(As ever, note that YouGov inexplicably retain Refused and Wouldn’t Vote figures in their tables, and thus the figures reported here may look slightly different to what you see reported initially, as they are after removing those non-voting options.)

Finally for the actual voting figures, YouGov are pretty much in line with every other pollster in finding very little difference on the constitutional question. So far, it doesn’t look like the SNP losing support is translating to Independence doing likewise. Instead, voters may be reacting in the moment to party politics without shifting their constitutional position. As I keep saying though, we’ll need to wait a bit longer before we can be certain about whether that’s going to continue or if this question will begin to shift further too.

Other Interesting Bits

Given the chaos engulfing the SNP lately, YouGov have taken the opportunity to ask a few questions about that, in addition to a range of favourability ratings and so on. I’m not going to go through all of those (you can check the tables linked above for them yourself), but there are a couple of particularly interesting ones to look at.

Awareness of SNP Finances Investigation

In terms of whether people are keeping tabs on the ongoing scandal, most people (72%) are following it to some degree, though just under half (46%) say that’s either very or fairly closely. That’s a fair degree of attention, suggesting this is by no means a “bubble” story that isn’t cutting through to ordinary voters. We should all also take a moment to salute the 7% of the population who say they are not aware of the story. I know that will be shocking to political obsessives but there always has been and always will be a segment of the population that just does not give a toss about politics and fair play to them – sounds blissful.

Suspending Nicola Sturgeon

There have also been some calls for Nicola Sturgeon, as leader during the period the investigation covers, to be suspended from the SNP whilst it’s ongoing. Although it’s not a majority, a clear plurality of voters think the former First Minister should be suspended. Unsurprisingly this is overwhelmingly from supporters of the Pro-Union parties, with only 12% of the SNP’s Holyrood voters saying she should be versus 64% saying she shouldn’t. 

That shouldn’t detract from how dramatic this is, however. Sturgeon was, at the time of her departure, clearly the most popular politician in Scotland. That wasn’t build solely on support from SNP voters, but there were plenty of ordinary voters who backed the Pro-Union parties who nonetheless personally rated her. That cross-constitutional goodwill may already have evaporated.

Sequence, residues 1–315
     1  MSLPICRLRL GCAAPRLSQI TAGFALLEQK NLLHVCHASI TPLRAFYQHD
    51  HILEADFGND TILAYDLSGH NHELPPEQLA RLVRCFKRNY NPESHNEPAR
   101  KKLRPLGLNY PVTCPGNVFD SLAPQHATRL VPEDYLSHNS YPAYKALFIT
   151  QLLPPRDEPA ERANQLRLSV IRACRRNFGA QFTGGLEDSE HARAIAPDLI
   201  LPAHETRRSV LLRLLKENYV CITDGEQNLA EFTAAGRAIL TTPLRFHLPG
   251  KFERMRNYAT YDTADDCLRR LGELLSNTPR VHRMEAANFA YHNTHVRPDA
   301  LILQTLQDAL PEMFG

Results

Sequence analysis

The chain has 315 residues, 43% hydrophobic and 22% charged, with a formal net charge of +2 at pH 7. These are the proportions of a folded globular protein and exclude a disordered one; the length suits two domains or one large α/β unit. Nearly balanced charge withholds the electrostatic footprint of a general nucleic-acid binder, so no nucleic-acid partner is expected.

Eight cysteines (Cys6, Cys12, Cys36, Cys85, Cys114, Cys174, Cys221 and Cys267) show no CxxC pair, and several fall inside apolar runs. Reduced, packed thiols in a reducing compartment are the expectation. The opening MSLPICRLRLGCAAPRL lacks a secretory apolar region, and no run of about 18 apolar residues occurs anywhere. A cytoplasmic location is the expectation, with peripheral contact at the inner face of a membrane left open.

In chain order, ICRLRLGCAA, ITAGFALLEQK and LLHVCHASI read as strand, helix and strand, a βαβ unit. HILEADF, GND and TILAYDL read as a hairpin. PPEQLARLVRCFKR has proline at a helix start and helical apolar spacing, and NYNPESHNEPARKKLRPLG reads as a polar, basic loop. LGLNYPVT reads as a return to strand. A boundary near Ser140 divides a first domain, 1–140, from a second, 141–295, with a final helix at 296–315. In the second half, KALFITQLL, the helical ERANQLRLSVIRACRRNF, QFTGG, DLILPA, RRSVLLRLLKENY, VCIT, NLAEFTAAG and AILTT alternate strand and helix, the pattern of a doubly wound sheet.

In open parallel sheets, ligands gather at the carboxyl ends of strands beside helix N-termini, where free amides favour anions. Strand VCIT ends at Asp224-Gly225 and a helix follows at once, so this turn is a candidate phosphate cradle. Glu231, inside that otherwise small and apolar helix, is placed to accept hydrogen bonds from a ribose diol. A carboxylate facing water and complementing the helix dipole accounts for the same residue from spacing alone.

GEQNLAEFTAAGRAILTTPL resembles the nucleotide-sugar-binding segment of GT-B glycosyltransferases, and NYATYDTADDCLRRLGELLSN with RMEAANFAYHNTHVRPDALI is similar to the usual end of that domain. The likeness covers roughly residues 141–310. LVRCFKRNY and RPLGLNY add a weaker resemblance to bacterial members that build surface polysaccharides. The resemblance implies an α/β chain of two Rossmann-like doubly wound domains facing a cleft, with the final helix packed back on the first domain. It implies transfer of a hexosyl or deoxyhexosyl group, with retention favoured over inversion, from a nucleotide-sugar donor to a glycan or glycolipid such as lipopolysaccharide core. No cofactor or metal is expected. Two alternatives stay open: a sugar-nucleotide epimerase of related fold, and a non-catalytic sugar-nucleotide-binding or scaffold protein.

If you’d told me at the start of the year that not even four full months into it Sturgeon would have been out as FM, there’d have been a serious crisis for the SNP, and there was significant support for her being suspended from the party entirely, I’d have told you you were talking absolute rubbish. Yet, here we are.


As ever, the last little bit of analysis concerns those hypothetical and more proportional voting systems that BBS likes to play about with. The use of pure FPTP at Westminster is an affront to democracy, and though Holyrood fares far better, AMS is still deeply imperfect. The examples here simply transpose the poll findings onto more proportional voting systems – the reality is that different systems would of course result in different voter behaviour.

No prizes for guessing that if the SNP and Greens barely scrape a majority on the real AMS projection, they lose it on a more proportional version of the system.

An even more proportional system much more accurately reflects the fact there’s a significant majority of the vote for Pro-Union parties. What’s really interesting here is that you could also cobble together a 65-64 majority for Labour, Greens and Lib Dems, which would potentially weaken the Conservatives in this imagined scenario by giving another possible budget partner for a Labour First Minister, assuming they and the Greens could countenance working together.

Scandinavian Style Westminster

Same old Westminster story – if you bring in PR, you rightly weaken the SNP’s group in favour of the other parties.